This week, Foreign Policy published an FBI memo from early August that claims there is an increased threat of violence from “Black Identity Extremists,” a term recently invented by law enforcement. Activists and defenders of civil liberties across the country were quick to point out that this both had no basis in fact, and could easily be used to justify surveillance and disruption of Black activists. Here’s what we’re reading to learn more.
The FBI’s New U.S. Terrorist Threat: ‘Black Identity Extremists’, by Jana Winter and Sharon Weinberger via Foreign Policy Magazine
“The report, dated Aug. 3—just nine days before the white supremacist rally in Charlottesville turned deadly—appears to be the first known reference to “black identity extremists” as a movement. But former government officials and legal experts said no such movement exists, and some expressed concern that the term is part of a politically motivated effort to find an equivalent threat to white supremacists.”
FBI’s hunt for “black identity extremists” echoes civil rights movement-era war on black activists, by Aaron Morrison via Mic
“Dante Barry, executive director of Million Hoodies for Justice, a civil rights group founded after Trayvon Martin was killed in 2012, said he sees BIE as the FBI’s latest attempt to ‘cause panic and confusion among black organizers.’
‘Regardless of whether [BIE] is being moved by Donald Trump or not, I think, if anything, we should know that the FBI hasn’t ever been on our side,’ Barry, who believes he has been watched by law enforcement because of his activism, said in a phone interview on Monday. ‘If anything, it is incumbent on us to govern our political activities smartly and safely. This is a moment that all of us need to stay close to our people and stay vigilant.’”
Leaked FBI report stokes fears of ‘Black Identity Extremists.’ We’ve seen this before., by Sam Fulwood III via Think Progress
“As outrageously racist and misguided as the FBI report and its underlying symbolism are, I find it neither shocking nor unexpected. In fact, the broad-brush depiction of black Americans is the predictable reaction of an administration that seems hell-bent on attacking Americans who aren’t white, affluent or conservative. Portraying black people who are upset with killer cops as violent and other-worldly fits neatly within the racist narrative employed by the White House to advance its political goals, regardless of whether it actually directed the bureau to do so.”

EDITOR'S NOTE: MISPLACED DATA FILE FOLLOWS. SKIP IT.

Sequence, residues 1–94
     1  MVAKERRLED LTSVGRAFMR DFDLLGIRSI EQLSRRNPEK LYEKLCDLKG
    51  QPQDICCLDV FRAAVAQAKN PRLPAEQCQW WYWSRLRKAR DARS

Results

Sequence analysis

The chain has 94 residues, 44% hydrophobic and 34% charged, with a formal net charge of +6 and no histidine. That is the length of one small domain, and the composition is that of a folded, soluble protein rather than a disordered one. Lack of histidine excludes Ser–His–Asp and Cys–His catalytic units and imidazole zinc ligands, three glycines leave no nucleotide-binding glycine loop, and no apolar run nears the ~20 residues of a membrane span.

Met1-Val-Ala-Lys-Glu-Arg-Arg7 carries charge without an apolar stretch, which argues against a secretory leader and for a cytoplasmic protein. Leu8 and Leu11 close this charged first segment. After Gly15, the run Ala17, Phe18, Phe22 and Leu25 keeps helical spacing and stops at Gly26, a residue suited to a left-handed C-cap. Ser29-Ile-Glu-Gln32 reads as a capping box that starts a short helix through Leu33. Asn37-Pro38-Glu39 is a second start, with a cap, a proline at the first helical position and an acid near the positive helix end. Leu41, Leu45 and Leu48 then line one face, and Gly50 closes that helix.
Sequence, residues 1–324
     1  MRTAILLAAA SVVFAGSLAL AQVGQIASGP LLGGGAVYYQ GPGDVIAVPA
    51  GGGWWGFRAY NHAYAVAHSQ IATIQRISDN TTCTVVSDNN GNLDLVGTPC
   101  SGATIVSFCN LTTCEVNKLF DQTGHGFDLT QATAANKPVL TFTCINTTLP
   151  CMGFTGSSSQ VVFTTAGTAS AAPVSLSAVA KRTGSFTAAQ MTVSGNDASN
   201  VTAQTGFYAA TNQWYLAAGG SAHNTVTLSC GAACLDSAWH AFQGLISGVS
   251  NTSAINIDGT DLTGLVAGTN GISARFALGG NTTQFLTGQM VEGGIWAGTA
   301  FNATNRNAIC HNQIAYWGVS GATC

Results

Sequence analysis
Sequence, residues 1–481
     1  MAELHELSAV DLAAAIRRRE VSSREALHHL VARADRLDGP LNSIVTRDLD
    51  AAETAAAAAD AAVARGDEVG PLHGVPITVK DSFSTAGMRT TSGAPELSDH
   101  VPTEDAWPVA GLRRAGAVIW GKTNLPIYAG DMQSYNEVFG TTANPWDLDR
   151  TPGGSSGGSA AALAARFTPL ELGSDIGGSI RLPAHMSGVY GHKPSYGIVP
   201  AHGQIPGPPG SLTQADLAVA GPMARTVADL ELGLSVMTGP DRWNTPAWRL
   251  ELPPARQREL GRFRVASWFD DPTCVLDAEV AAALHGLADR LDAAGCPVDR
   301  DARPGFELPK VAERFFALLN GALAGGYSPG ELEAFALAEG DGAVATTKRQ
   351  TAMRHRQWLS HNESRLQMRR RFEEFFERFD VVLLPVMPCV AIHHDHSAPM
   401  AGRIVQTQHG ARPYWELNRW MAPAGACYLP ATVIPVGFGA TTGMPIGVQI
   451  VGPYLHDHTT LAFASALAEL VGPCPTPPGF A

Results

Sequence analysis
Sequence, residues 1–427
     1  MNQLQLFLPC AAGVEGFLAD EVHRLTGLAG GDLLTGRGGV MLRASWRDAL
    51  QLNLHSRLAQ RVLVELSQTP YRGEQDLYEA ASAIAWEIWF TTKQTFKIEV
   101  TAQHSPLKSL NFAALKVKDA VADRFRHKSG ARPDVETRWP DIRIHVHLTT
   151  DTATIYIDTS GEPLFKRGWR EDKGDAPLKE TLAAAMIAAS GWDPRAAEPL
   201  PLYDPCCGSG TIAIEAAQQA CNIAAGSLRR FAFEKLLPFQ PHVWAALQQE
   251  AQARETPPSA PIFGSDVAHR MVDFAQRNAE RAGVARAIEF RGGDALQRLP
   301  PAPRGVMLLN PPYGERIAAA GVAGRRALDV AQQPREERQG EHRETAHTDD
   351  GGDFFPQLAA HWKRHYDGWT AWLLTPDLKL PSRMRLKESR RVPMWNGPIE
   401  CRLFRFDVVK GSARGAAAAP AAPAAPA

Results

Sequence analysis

BIE, Felicia: Fighting for Justice and Our Basic Human Rights Isn’t Extremism, by Monique Judge via The Root
“The shaky premise of the entire 'black identity extremists' narrative is that in response to the unending cycle of black lives being cut down by police who are never punished, black people will react with violence against police. This is a false-flag attack. There is data that directly contradicts this narrative. The fact is, the number of police officers killed on the job (pdf) is far lower than the number of civilians killed by police, and when police are killed by citizens, statistics suggest that it is more often by white perpetrators than black.”
Targeting black activists, FBI designates 'black identity extremists' as a terrorist threat, by Kelly Macias via Daily Kos
While this is isn’t new, it is incredibly scary and we should remain very vigilant. This has important implications as to how the Trump administration plans to carry out a program to demonize and target black activists—and activists of color more broadly. With Jeff Sessions at the Justice Department, who knows what kind of laws they’ll come up (or even break) to surveil and jail folks? It’s also yet another demonstration of their clear commitment to advancing a white nationalist agenda. So far they’ve identified Muslims as a terrorist group, identified Latino immigrants as a threat and now blacks. Who’s next?
"What We're Reading" is a weekly feature on AFSC’s News and Commentary blog, where we share a curated collection of recent articles on timely issues. "What We're Reading" is meant to spark discussion, debate, and knowledge sharing, and the articles we highlight do not necessarily reflect the official organizational positions of AFSC.